How much can I get in disaster assistance?
Homeowners -- 1.875 percent loans of up to $200,000 for real estate, $40,000 for personal property
Businesses -- 4 percent loans of up to $2 million
Nonprofit organizations -- 3 percent loans of up to $2 million
Source: Small business organization
Don't be scared if your disaster relief application says "Small Business Administration."
Homeowners, renters, businesses and nonprofit organizations should fill out the forms if they receive them in the mail because, if they don't, they could lose access to all disaster assistance, said Tamara Jackson, a public affairs specialist for the U.S. Small Business Administration.
During disasters, the agency makes loans direct from the U.S. Treasury at low interest rates to help augment other disaster aid. Rates for home repairs are 1.875 percent, business loans are 4 percent and nonprofit organizations can receive loans at 3 percent, according to a news release.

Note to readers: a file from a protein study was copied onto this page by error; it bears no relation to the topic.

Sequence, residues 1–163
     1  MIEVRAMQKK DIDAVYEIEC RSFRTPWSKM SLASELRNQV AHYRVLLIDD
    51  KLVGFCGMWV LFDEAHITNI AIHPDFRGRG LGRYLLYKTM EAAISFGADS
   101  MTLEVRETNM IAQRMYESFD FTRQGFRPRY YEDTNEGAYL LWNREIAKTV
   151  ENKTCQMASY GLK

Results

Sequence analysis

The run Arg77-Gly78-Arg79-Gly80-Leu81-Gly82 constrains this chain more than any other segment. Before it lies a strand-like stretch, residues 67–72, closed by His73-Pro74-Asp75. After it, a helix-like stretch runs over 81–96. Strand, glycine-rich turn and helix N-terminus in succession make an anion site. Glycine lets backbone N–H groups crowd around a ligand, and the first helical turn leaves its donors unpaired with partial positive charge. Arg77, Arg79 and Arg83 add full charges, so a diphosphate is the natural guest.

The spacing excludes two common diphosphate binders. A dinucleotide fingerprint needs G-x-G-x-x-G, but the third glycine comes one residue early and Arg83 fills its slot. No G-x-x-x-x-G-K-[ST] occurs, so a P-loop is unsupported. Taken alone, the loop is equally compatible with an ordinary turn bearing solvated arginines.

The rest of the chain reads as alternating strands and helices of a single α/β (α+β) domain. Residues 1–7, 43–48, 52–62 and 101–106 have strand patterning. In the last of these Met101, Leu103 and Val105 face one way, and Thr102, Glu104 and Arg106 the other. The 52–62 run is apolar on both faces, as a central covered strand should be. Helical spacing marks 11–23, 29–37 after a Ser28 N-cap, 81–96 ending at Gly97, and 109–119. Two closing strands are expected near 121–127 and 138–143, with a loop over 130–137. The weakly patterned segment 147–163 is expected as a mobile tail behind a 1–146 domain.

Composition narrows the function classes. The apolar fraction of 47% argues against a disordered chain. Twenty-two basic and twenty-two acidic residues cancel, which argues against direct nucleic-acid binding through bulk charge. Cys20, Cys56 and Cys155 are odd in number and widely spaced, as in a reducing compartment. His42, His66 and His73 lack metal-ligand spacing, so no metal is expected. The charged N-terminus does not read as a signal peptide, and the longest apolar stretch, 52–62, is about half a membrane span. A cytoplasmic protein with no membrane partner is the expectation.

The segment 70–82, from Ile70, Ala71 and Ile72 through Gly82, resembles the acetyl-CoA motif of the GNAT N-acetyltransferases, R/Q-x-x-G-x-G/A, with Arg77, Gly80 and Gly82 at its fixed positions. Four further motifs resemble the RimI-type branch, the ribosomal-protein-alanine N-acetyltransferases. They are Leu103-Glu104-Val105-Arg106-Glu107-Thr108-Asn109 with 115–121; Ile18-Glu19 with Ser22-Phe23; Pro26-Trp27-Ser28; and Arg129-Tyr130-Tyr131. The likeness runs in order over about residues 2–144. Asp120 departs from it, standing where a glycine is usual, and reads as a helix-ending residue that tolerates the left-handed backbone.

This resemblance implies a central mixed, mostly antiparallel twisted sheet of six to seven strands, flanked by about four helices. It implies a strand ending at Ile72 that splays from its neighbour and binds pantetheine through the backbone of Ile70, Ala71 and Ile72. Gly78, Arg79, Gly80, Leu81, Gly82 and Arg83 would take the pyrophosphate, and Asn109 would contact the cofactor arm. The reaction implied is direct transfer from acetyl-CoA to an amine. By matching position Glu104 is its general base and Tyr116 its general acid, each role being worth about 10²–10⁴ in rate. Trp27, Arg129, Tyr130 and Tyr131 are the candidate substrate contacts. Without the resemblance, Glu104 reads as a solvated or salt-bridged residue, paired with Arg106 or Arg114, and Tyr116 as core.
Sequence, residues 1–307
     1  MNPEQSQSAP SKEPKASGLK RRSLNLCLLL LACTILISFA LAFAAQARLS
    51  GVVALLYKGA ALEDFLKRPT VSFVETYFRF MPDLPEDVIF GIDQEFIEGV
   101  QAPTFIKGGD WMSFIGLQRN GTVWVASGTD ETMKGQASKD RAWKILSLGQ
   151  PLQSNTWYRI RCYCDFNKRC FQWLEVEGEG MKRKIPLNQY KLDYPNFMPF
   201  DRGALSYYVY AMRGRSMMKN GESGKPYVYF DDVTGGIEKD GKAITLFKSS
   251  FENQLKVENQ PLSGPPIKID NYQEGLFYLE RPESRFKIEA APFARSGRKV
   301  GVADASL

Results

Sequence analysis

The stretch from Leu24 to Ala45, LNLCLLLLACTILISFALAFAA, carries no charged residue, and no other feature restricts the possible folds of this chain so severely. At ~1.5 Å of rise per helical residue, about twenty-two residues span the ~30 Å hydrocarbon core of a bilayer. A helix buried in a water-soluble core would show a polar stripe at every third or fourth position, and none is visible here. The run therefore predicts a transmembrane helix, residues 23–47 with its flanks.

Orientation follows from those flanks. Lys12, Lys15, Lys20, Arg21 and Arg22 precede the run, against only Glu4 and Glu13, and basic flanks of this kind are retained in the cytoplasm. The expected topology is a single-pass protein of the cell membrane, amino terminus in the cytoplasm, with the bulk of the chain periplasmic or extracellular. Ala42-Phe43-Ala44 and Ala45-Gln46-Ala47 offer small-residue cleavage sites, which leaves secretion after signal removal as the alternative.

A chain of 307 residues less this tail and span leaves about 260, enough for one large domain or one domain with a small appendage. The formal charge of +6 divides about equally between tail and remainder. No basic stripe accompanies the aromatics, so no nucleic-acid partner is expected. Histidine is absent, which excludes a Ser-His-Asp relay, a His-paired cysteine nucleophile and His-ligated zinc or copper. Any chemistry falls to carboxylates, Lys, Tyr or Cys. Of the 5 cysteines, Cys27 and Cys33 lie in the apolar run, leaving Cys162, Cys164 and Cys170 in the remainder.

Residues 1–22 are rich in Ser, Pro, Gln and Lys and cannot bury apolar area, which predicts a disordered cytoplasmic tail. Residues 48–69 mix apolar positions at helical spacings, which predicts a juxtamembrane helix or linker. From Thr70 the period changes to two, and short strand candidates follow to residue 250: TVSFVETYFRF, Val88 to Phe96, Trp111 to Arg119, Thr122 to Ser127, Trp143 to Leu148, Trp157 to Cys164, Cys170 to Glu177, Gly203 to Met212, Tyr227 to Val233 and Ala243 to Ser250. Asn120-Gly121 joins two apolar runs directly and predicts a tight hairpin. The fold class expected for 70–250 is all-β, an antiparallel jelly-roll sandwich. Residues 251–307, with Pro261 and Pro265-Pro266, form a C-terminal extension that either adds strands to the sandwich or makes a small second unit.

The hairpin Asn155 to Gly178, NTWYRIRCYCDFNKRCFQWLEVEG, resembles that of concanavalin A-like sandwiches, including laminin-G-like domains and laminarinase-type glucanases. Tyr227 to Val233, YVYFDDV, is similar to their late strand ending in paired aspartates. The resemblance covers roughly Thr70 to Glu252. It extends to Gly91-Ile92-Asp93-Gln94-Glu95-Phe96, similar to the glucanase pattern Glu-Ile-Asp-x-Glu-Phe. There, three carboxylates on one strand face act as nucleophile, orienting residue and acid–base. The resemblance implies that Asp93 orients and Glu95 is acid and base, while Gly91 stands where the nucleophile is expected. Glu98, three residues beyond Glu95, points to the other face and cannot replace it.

"If you don't fill out the SBA application, assistance stops there," Jackson said.
If, on the other hand, applicants are turned down for a low-interest SBA loan, they may be referred back to the Federal Emergency Management Agency for assistance, she said, which wouldn't otherwise happen.
Not everyone will receive an SBA application, but that doesn't mean a person won't receive assistance, Jackson said. Howeer, waiting too long to file for assistance could cause huge headaches.
Disaster assistance centers could be closing well before the application filing deadline for physical damage on May 15, and long before the deadline for economic injury filings on Dec. 17.
"Don't wait; we don't know how long those centers are going to be there," Jackson said.
Contact staff writer Ellis Smith at esmith@timesfree press.com or 423-757-6315.
Ellis Smith joined the Chattanooga Times Free Press in January 2010 as a business reporter. His beat includes the flooring industry, Chattem, Unum, Krystal, the automobile market, real estate and technology. Ellis is from Marietta, Ga., and has a bachelor’s degree in mass communication at the University of West Georgia. He previously worked at UTV-13 News, Carrollton, Ga., as a producer; at the The West Georgian, Carrollton, Ga., as editor; and at the Times-Georgian, Carrollton, ...